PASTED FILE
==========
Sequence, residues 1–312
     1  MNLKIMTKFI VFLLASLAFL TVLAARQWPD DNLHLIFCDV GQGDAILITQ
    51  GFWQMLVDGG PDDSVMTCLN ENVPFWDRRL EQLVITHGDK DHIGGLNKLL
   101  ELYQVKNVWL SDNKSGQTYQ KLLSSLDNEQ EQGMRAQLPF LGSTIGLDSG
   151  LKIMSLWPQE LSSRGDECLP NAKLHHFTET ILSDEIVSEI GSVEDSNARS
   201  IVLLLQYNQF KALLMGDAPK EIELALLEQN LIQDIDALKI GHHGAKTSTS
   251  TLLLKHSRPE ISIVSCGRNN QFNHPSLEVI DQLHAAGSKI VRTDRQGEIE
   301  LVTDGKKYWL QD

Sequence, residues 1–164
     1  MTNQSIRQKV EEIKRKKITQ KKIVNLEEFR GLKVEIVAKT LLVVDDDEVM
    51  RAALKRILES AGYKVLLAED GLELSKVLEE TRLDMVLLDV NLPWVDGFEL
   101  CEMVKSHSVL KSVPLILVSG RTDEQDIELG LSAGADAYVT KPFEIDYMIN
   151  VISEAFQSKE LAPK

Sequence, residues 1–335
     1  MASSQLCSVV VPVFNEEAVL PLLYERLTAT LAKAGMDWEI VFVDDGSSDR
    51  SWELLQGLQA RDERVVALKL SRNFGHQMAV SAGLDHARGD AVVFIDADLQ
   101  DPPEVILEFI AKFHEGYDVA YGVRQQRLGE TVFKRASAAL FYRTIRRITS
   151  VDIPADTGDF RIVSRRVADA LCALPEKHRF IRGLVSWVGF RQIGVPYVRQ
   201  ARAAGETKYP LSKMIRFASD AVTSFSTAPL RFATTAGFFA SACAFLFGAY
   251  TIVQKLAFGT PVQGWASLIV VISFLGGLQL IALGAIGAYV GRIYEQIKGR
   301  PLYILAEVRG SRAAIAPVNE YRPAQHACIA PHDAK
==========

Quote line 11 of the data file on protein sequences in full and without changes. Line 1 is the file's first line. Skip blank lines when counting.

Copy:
    51  RAALKRILES AGYKVLLAED GLELSKVLEE TRLDMVLLDV NLPWVDGFEL